By Beth Dow, Solutions By Beth

I went fishing the other day and caught two fish! I haven’t been fishing in years.

And while catching fish was very unexpected, something even better happened unexpectedly. I caught a distant memory.

My mind went straight back to my granddaddy. He is the one that taught me how to fish. Granddaddy always referred to it as “going to feed some fish.” It had been years since I had thought about that, but standing beside the lake, casting my reel, memories of my granddaddy and me fishing came flooding back.

He wouldn’t bait my hook for me. He made me do it. He wouldn’t take the fish off the hook, either. He showed me how to do it all. It was all part of fishing. No extra treatment for being a girl.

Now those two skills made me very popular in biology class when it was time to dissect a frog. While most of the girls and some of the boys thought it was all too gross, I dove right in.

Much of what my granddaddy taught me has made me better prepared to be the adult I am today.

For many of our elders, remembering what they had for breakfast or what they did yesterday, leaves them blank. But if you can encourage those distance memories from 50 to 60 years ago – those memories and getting to revisit them – can bring a sense of comfort and joy. Your loved one may not be physically able to fish, but if he or she used to fish in their early years, you can help bring that 
memory back.

Take them outside. The side of a lake would be nice but not necessary. Just the warmth of the sun and a reel in their hand is enough to spark a memory. Let them cast the line, and reel it back in. Even if they are not able to speak, their expression will tell you if they have pulled up a memory.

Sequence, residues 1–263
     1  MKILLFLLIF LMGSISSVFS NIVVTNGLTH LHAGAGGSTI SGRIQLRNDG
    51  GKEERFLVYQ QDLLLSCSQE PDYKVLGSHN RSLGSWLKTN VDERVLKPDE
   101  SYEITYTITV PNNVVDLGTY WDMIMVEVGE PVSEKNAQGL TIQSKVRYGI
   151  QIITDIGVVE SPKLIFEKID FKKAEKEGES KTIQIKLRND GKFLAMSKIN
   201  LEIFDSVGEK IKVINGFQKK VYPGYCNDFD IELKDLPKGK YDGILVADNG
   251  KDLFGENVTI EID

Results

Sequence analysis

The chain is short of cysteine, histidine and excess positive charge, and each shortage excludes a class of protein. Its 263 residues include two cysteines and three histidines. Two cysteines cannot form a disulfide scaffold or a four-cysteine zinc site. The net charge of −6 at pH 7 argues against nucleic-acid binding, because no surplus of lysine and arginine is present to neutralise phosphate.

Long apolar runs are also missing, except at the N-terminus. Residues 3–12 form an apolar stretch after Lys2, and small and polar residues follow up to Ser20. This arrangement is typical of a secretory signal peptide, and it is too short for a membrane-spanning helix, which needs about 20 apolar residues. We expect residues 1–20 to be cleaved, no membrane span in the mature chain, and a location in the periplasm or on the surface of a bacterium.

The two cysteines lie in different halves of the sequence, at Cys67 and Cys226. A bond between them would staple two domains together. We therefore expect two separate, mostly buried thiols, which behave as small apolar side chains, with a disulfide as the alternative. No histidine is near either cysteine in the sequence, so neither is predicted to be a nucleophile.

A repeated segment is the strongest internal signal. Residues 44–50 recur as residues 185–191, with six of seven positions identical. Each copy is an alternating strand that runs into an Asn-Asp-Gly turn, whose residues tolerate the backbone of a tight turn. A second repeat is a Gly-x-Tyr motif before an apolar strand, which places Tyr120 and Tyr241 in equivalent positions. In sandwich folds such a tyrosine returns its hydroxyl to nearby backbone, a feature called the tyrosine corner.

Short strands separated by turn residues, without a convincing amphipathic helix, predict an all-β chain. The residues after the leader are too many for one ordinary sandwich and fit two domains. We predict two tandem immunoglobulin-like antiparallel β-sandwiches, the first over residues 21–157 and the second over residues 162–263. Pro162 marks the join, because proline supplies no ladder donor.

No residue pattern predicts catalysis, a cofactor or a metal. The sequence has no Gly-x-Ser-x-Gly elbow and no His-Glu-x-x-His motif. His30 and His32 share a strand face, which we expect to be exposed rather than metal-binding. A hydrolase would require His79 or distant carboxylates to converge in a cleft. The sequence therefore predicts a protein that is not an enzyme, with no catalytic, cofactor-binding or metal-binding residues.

If they can communicate, ask them where they fished, who taught them to fish, and who fished with them. Even if you have heard the story 100 times, act as though it is the first time you have heard it. Show them that for this 
moment in time, they have your full focus.

Maybe your loved one was a good cook or just liked to cook. Bake some chocolate chip cookies. The aroma itself can bring up an old memory. Then ask your loved one if they would like to help you make some. Place a bowl in their lap with a spoon and let them stir. As they stir, talk to them about cooking.

Ask who taught them to cook, or ask about their favorite dish to cook.

If they were known for their bad cooking or if you know they had a hard time learning to cook, burn some bread in the toaster. The smell of burnt toast can bring back memories of laughter over burnt meals.

Your loved ones have memories in there. Help to get them out. Not only will you bring back their memories, you may just make a connection with them, and thus create some new 
memories of your own.